The national average salary for a Computer Teacher in the United States is $47,772 per year or $23 per hour. Those in the bottom 10 percent make under $40,000 a year, and the top 10 percent make over $55,000.

Real Computer Teacher Salaries

Job Title Company Location Start Date Salary
Computer Teacher Magnolia Educational & Research Foundation Carson, CA Feb 10, 2016 $61,289
Computer Programming Teacher Magnolia Educational & Research Foundation Carson, CA Sep 11, 2016 $55,780
Computer Teacher Magnolia Educational & Research Foundation Carson, CA Oct 01, 2015 $55,780
Computer Teacher Concept Schools, Inc. Chicago, IL Sep 15, 2016 $46,620
Computer Teacher Harmony Science Academy-Houston NW Houston, TX Aug 26, 2016 $46,050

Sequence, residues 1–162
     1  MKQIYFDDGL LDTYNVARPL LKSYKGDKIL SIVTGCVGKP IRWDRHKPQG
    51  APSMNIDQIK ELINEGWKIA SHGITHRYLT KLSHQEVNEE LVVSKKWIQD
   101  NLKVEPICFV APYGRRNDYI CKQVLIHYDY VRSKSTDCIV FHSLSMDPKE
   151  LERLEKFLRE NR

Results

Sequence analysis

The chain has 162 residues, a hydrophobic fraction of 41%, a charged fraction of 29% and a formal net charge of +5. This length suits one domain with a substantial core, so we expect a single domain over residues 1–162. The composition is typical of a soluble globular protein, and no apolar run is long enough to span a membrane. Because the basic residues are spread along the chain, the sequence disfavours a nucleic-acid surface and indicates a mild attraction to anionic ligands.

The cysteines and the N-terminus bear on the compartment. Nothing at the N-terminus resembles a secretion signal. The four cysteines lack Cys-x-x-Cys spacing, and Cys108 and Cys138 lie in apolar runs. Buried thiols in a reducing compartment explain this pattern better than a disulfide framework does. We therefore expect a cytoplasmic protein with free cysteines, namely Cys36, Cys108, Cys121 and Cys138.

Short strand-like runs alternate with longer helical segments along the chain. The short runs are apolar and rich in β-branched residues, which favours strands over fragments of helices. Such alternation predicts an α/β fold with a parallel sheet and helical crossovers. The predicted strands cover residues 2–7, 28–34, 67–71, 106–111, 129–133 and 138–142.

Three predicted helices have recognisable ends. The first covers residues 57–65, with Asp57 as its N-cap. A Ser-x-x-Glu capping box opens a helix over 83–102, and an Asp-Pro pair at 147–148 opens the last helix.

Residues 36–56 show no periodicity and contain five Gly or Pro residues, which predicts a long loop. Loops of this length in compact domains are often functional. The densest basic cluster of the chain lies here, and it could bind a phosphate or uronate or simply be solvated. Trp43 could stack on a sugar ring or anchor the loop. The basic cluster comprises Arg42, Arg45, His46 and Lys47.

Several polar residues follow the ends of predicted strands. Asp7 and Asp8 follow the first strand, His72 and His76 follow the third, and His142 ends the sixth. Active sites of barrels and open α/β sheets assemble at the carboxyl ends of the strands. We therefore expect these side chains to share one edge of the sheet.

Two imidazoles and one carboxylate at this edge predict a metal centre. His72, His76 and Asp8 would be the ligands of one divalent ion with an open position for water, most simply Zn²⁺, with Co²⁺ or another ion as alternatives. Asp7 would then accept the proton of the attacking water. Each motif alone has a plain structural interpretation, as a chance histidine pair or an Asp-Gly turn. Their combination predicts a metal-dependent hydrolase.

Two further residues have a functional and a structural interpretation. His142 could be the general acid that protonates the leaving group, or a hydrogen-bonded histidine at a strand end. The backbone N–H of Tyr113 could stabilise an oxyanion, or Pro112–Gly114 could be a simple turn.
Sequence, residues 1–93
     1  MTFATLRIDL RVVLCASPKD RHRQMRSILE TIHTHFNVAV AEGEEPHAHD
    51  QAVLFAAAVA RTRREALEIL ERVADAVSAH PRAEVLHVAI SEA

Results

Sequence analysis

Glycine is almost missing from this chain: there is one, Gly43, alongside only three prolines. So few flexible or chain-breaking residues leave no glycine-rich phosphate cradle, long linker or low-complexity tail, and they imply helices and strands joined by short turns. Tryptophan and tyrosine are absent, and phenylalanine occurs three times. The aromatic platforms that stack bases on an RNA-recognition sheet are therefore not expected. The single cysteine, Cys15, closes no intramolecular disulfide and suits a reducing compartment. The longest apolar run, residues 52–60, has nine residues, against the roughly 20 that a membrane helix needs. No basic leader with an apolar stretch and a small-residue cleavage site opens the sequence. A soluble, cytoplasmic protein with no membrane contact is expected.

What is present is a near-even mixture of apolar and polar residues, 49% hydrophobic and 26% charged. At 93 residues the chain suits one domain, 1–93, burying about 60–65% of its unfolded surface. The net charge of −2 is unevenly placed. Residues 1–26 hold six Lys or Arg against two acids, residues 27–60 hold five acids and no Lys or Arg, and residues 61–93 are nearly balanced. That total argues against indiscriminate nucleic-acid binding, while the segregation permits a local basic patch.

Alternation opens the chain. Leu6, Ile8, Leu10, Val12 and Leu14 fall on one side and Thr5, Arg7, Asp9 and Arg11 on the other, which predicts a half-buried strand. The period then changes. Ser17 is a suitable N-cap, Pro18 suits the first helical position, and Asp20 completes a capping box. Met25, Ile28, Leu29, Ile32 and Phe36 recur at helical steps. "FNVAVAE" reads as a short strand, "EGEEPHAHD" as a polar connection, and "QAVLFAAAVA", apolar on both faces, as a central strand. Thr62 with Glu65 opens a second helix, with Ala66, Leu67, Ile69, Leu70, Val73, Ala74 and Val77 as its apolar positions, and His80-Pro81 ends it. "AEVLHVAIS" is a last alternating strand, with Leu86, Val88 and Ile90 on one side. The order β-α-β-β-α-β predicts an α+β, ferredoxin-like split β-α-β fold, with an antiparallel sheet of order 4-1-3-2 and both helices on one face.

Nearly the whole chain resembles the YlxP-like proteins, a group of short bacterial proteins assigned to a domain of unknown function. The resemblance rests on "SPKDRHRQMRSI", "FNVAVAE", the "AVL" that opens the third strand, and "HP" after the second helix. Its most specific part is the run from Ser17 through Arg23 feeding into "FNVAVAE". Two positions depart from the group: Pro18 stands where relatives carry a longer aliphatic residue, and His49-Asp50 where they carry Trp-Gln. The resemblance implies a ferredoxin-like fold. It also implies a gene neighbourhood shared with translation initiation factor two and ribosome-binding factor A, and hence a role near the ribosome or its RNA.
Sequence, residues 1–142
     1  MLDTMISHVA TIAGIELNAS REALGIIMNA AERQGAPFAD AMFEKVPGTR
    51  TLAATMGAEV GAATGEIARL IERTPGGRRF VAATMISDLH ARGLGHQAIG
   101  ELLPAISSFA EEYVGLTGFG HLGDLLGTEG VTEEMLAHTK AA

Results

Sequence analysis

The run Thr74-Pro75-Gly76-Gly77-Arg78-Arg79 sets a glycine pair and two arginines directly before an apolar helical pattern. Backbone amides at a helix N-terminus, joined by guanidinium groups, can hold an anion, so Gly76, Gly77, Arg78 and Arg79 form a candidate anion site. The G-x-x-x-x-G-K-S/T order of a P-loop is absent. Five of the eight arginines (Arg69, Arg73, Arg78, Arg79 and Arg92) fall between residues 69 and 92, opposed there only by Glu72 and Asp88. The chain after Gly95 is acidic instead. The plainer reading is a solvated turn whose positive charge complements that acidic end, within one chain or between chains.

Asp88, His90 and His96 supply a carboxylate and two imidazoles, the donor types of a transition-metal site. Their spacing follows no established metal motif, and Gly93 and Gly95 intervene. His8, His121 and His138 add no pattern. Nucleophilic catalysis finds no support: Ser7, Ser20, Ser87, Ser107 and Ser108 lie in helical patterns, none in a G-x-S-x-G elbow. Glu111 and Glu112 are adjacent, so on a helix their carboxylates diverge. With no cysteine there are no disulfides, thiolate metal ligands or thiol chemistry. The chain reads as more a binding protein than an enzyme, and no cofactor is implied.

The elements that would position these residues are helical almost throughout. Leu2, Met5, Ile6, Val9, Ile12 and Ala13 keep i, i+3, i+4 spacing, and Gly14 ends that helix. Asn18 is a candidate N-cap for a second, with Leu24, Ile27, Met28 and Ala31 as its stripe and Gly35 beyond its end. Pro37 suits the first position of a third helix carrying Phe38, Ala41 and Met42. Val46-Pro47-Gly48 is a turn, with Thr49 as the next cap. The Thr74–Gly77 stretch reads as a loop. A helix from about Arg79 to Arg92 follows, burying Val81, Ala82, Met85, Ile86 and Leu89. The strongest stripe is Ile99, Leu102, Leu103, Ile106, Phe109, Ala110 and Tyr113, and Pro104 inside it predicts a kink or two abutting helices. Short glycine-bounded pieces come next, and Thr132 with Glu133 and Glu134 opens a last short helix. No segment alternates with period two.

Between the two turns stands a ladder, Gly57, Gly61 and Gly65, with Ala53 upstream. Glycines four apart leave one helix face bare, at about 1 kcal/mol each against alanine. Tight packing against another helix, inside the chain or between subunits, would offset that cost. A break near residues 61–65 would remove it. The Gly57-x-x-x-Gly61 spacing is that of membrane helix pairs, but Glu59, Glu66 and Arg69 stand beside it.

Computer Teacher School of Science and Technology-Houston Houston, TX Jan 08, 2016 $46,050
Computer Teacher Harmony Science Academy-Euless Euless, TX Jan 08, 2016 $45,490
Computer Teacher Harmony Science Academy-San Antonio San Antonio, TX Aug 03, 2015 $45,350
Computer Teacher School of Science and Technology San Antonio, TX Mar 08, 2015 $45,350
Computer Teacher School of Science and Technology San Antonio, TX Aug 03, 2015 $45,350
Computer Teacher School of Science and Technology San Antonio, TX Sep 15, 2016 $45,350
Computer Teacher Noble Academy-Columbus, Inc. Columbus, OH Oct 01, 2015 $45,060
Computer Teacher Harmony School of Innovation-Dallas Carrollton, TX Sep 18, 2015 $43,470
Computer Teacher Harmony Science Academy-Grand Prairie Grand Prairie, TX Sep 01, 2015 $43,470
Computer Teacher Harmony School of Innovation-Garland Garland, TX Sep 01, 2015 $43,470
Computer Teacher Harmony School of Innovation-Garland Garland, TX Sep 24, 2015 $43,470